American Presidents





Martin Van Buren
Letters

Martin Van Buren

In the following letter, Senator Martin Van Buren writes to his son about financial matters.
A.L.S. V B MSS.
To John Van Buren

Washington Jany 19, 1826

My dear Son,

You say you have spent $150 in six weeks, & instead of giving me an account of it, or even speaking of its absolute necessity, you tell me of the expenditures of other boys...
    I am as you supposed somewhat surprised to hear that you went direct to Greenbush. I wrote you advising you to go to Kinderhook & to visit Albany from thence. I know the kindness which induces Mr & Mrs Duer to wish to have you at their house, & approve your taste for being pleased with the good society you meet there, but I fear your Kinderhook friends will think themselves neglected as I think they well may. You know the pain it gives me express dissatisfaction with your conduct, but I would do injustice to both, were I not to say that the account you give me of your expenditures is far from satisfactory.

    You say you have spent $150 in six weeks, & instead of giving me an account of it, or even speaking of its absolute necessity, you tell me of the expenditures of other boys, & the declarations of Fr Buckner as to how much he had spent. You have nothing to do with the expenses of other boys. When I proposed to make you the depository of your funds, I did so, (you know) agt the s opinion & advice of others. My wish was to excite your ambition to show that you was free from the weakness of other boys in this respect, & more deserving of confidence than they too often are. I endeavored to impress you sensibly on this point, and assured you solemnly, that the moment I had reason to apprehend, that my confidence was not safely placed, I would withdraw it. I will not judge you definitively until I hear you, but if the account you give me of your disbursements is not such as it should be, I shall assuredly, promptly & peremptorily change my course, & leave it to Mr. Croswell to advance you from time to time what money you may want. Let me therefore hear from you directly upon this subject. I sincerely hope you will be able to explain to me this matter fully as I shall be uneasy until you do so.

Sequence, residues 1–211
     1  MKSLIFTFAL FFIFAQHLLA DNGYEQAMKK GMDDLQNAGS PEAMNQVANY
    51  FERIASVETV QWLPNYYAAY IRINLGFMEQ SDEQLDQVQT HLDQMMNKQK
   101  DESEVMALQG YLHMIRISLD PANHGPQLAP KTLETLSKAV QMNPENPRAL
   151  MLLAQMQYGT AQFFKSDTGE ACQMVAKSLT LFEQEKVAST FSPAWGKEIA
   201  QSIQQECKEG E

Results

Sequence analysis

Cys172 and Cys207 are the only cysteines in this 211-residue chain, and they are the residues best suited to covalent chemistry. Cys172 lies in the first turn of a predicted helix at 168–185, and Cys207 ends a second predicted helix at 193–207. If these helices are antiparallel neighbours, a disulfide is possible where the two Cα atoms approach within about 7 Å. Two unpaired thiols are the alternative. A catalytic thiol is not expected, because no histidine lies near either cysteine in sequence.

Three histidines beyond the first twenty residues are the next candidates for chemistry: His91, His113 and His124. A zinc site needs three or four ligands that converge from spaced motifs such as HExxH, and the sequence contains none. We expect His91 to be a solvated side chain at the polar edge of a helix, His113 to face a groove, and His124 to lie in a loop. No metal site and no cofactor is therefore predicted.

The money is the least by far the least, of my concern.
    Make my most affectionate regards to Mr & Mrs Duer & all the children.

Your affectionate father


M. V. Buren

[The above letter is reproduced exactly as written and was obtained through the archives at the Library of Congress]

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